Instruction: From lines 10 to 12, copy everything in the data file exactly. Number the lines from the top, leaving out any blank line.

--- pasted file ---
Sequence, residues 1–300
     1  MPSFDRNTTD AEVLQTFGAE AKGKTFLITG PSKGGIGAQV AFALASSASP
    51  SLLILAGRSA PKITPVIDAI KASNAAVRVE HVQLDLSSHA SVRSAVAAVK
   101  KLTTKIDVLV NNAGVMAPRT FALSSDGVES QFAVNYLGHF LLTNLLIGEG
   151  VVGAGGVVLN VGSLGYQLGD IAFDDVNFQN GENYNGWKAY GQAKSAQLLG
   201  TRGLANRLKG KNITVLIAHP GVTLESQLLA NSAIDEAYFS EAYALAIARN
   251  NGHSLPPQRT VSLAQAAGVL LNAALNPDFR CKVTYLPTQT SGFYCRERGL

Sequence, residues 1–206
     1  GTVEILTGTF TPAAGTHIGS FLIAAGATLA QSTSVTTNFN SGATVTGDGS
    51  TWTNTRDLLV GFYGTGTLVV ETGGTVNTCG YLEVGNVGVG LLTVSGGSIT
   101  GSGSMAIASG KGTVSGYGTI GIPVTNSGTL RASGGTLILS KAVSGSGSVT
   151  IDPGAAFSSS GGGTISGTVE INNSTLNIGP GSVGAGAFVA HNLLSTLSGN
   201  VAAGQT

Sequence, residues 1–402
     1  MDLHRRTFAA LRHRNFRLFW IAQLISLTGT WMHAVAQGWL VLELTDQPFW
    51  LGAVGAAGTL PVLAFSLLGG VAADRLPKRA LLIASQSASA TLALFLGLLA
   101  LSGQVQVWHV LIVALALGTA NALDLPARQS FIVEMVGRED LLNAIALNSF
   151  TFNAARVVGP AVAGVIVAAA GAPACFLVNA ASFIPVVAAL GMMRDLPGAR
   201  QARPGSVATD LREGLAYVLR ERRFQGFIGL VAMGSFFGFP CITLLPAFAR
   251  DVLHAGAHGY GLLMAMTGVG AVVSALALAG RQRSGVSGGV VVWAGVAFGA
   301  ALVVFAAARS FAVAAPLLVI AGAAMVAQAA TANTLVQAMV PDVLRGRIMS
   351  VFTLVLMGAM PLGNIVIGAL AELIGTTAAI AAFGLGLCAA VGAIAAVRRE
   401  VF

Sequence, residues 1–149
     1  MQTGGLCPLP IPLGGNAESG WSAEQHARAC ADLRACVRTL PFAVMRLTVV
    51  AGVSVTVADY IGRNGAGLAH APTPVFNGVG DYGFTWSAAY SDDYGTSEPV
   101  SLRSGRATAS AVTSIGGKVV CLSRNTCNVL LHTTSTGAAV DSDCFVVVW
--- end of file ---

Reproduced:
    51  TWTNTRDLLV GFYGTGTLVV ETGGTVNTCG YLEVGNVGVG LLTVSGGSIT
   101  GSGSMAIASG KGTVSGYGTI GIPVTNSGTL RASGGTLILS KAVSGSGSVT
   151  IDPGAAFSSS GGGTISGTVE INNSTLNIGP GSVGAGAFVA HNLLSTLSGN